4. Hmmm….? I wonder if there’s a such thing as an unhealed, unforgiving prophet; one who does indeed utter the voice of God, but via a FLESHLY, broken filter of cynicism, defensiveness, unforgiveness, and layers of unhealed hurt; one who makes rants and engages in verbal slander toward the very religious institutions who have INDEED outcast, ostracized, marginalized, and labeled him/her “crazy”?????? Perhaps his/her conviction IS in fact redemption, restoration, and sanctification, but for whatever reason or another, he/she is yet in need of more of God’s and his body’s healing grace so that he/she can extend more of it to others? Either way, I’m glad that in the year 2012 SOMEBODY still recognizes what is, when healthy, a good gift to the Church: the prophet. 😉

    Yours Truly,

    Prophetess BeingMadeWhole

    • Hey Princess….I think you’re dead on. The gift is subject to the prophet. Like all gifts, we can use them to breathe life or death. Great to “see” you out here. 🙂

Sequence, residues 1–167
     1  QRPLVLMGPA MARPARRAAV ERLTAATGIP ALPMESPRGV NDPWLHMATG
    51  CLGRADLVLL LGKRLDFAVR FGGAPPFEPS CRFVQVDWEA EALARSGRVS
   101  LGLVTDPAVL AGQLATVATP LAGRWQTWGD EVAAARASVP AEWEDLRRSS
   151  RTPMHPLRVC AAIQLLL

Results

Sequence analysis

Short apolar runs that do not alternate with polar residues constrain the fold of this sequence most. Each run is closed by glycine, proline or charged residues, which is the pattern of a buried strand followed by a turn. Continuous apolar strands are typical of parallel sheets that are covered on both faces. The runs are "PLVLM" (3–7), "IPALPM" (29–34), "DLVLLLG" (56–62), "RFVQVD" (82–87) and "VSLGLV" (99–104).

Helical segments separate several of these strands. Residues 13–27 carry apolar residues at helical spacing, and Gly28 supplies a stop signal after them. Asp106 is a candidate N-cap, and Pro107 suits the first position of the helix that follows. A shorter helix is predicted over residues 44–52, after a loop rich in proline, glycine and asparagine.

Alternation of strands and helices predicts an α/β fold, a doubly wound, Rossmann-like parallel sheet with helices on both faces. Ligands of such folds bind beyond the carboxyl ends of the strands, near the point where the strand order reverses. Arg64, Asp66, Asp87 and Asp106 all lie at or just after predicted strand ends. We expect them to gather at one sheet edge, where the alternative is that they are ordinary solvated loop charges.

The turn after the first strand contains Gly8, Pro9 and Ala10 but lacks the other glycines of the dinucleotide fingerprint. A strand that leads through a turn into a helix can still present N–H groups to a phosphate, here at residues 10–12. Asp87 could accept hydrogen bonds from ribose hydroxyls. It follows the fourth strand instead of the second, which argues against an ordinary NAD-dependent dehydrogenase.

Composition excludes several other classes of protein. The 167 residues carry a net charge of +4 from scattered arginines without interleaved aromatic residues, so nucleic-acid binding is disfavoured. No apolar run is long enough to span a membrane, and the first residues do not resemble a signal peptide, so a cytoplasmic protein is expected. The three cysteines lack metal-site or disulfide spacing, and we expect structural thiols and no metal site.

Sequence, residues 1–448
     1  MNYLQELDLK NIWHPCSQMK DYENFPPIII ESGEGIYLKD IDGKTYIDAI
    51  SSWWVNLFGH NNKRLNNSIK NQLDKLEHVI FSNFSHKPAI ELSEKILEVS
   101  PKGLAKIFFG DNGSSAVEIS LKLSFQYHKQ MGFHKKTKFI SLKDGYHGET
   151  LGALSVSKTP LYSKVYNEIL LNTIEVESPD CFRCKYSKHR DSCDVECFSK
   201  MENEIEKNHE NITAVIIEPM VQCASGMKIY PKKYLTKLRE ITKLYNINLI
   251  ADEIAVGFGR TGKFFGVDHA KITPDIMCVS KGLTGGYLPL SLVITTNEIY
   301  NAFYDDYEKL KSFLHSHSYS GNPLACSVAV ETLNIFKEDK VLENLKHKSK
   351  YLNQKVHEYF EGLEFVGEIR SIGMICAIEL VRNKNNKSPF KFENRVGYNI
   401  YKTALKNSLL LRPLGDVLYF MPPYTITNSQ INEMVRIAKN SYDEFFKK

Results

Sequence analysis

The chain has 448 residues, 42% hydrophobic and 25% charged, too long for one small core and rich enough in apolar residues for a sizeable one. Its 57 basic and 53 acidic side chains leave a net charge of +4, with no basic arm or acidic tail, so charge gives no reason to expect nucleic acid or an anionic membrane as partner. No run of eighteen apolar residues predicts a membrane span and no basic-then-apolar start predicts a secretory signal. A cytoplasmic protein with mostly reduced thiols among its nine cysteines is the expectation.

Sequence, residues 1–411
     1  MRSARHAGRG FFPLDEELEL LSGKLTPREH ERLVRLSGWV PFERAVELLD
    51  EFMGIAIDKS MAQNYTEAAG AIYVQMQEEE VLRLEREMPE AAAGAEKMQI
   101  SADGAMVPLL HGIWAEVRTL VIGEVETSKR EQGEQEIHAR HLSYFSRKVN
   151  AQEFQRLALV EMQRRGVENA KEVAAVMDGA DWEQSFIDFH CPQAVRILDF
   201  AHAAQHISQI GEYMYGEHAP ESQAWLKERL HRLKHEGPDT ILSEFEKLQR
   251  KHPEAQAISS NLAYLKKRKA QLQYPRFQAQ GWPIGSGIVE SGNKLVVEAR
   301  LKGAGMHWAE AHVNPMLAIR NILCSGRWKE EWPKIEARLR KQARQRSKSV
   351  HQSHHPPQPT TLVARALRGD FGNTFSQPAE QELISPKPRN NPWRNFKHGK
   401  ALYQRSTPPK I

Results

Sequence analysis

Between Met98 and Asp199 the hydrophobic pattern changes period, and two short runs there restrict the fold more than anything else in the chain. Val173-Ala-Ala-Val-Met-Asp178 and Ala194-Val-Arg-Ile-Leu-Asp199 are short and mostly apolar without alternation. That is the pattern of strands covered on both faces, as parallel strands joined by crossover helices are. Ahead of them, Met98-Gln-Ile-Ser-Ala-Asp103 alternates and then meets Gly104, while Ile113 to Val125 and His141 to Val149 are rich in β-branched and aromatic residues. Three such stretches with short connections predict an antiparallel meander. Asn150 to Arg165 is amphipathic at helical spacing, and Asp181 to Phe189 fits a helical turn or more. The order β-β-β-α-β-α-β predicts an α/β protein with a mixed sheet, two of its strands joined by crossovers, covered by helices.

5. Eric, I sincerely enjoy every single post I read of yours. You are among my very favorite writers. I wish we lived closer. I’d love to take you to lunch. You’d talk – I’d listen… with great joy.

    • Man, thanks Chance….means so much to me. I know we’re 300 miles away, but that lunch thing could still be worked out. I think I owe you for singing at my wedding reception (17 years ago)! Your weekly posts are one of my favorites.

  6. Princess, great thought! I think that is a common problem with many, if not all, of the spiritual gifts God allows us to operate in. Just like when we first become Christians, we are clumsy with our new lives…well, I know I have certainly been clumsy when operating within a spiritual gift (totally fouling it up more than once!)…thankfully God didn’t give up on me, and continues refine & teach me what exactly my role is when He occasionally calls me to use them now & again. I still feel very awkward 98% of the time when operating within a spiritual gift, but I guess that’s the key…to rely on Him and not on my own ability to wield them (because as I’ve learned the hard way, that’s when I always screw it up). I’m usually left standing with my mouth gaping wide open when I’ve handled it properly. 🙂

  7. Amen and thanks for this post. This subject has been driving me NUTSO lately. No wonder so many people who don’t know Christ find Christians so hard to be around.